Scientists in Germany have developed a readily recyclable solid plastic foam with a remarkable property – it does not burn.1

Plastic foams are widely used as insulating materials on buildings and equipment. The presence of air cavities is key to impeding the transfer of heat and sound, as well as making the materials light enough to be practical. But a serious drawback is that most plastics are flammable. Combustible cladding contributed to the uncontrollable fire at Grenfell Tower in London, UK, which claimed 72 lives in 2017, and authorities are scrambling to replace similar unsafe cladding on other buildings.

Research led by Cosima Stubenrauch at the University of Stuttgart and Helmut Cölfen at the University of Konstanz offers a potential solution. The scientists have succeeded in foaming mineral plastic – a material previously developed by Cölfen and colleagues,2 which combines polyacrylic acid with calcium carbonate to achieve fireproof properties.

Scanning electron micrograph image of the mineral foam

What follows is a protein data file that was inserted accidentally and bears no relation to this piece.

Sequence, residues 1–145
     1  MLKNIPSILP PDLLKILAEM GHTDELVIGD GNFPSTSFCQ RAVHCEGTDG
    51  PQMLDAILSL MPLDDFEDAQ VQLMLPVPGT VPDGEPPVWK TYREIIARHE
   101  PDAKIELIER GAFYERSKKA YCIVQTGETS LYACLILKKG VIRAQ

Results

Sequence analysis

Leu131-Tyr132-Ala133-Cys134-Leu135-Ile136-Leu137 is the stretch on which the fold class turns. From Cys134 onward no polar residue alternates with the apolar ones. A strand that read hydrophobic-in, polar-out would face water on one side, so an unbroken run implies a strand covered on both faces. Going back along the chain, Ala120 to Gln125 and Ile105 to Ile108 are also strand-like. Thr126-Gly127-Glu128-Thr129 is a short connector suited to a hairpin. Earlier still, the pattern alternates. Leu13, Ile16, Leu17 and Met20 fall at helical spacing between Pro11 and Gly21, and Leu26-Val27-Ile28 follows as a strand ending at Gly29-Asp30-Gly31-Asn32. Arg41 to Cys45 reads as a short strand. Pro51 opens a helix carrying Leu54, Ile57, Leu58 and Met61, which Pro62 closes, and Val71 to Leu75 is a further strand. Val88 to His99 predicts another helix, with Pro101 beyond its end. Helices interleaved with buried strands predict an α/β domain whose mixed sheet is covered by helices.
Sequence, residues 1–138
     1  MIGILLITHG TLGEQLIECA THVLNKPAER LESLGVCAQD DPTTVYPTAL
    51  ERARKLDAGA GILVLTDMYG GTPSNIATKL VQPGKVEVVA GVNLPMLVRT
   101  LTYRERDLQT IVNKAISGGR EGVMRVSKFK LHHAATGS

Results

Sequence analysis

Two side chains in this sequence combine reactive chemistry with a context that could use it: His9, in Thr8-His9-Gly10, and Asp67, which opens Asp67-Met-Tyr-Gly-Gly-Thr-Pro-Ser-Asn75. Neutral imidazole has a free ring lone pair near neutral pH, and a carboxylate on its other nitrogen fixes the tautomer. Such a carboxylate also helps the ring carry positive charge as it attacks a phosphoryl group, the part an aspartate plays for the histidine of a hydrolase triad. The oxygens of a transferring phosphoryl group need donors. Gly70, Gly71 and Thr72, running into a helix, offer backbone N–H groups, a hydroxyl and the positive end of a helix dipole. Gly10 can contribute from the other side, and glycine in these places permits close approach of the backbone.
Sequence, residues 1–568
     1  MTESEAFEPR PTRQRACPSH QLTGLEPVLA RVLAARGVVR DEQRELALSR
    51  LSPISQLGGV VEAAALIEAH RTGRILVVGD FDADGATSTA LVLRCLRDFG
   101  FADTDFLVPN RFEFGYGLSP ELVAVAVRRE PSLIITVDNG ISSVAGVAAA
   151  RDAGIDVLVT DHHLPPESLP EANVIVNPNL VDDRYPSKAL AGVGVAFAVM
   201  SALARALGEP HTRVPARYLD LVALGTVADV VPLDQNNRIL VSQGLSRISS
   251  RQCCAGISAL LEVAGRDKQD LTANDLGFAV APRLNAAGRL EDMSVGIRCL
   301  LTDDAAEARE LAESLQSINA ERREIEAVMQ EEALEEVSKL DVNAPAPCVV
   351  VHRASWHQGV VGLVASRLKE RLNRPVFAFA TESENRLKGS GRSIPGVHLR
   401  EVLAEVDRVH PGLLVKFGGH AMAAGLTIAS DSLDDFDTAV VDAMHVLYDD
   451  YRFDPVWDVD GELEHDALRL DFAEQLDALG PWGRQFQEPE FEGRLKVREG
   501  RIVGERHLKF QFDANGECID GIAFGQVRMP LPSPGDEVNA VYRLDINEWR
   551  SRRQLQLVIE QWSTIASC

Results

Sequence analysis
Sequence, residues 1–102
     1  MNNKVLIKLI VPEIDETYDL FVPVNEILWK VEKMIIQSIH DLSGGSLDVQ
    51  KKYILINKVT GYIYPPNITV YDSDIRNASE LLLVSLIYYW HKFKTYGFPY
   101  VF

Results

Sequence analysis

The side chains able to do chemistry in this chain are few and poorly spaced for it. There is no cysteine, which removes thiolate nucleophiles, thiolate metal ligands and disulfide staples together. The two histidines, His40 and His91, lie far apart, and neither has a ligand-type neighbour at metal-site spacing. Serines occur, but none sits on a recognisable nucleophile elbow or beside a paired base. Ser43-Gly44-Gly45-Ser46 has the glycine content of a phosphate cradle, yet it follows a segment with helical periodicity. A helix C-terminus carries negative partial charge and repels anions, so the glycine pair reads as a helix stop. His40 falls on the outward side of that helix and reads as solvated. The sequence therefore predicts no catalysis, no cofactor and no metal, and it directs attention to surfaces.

Source: © Cosima Stubenrauch/Universität Stuttgart

Scanning electron micrograph image of the mineral foam

‘If you burn it, or try to burn it, then it just gets black, because the polyacrylic acid just decomposes, but also the calcium carbonate releases carbon dioxide. So the carbon dioxide acts as an additional fire extinguisher,’ says Cölfen.

To make mineral plastic into foam form, the researchers’ strategy was to produce a foamed hydrogel, which they could then dry into a rigid structure. But the hydrogel’s high viscosity, akin to chewing gum, posed a problem.

‘You can imagine blowing air into chewing gum is difficult,’ says Stubenrauch. ‘So, we had to find a way to decrease the viscosity of this mineral plastic, and have a state in which we can easily pump air into the system, and then we need to go back to the mineral plastic state. So this was the tricky part.’

To form this low-viscosity precursor, the scientists mixed polyacrylic acid, calcium chloride and a non-ionic surfactant. Air is then stirred in prior to addition of ammonia to raise the pH, after which calcium carbonate forms through diffusion of carbon dioxide from the air. The dried foam is non-combustible, and as an added benefit, can be easily recycled by dissolving in acid.

Sebastijan Kovačič, a polymer scientist at the National Institute of Chemistry, Slovenia, is enthusiastic about the development. ‘They are not the first to have thought about it, but they were the first to actually implement it and I like it very much. Although the road to practical application of these foams in building insulation is still long, we can now at least imagine what the material of the future is in this field.’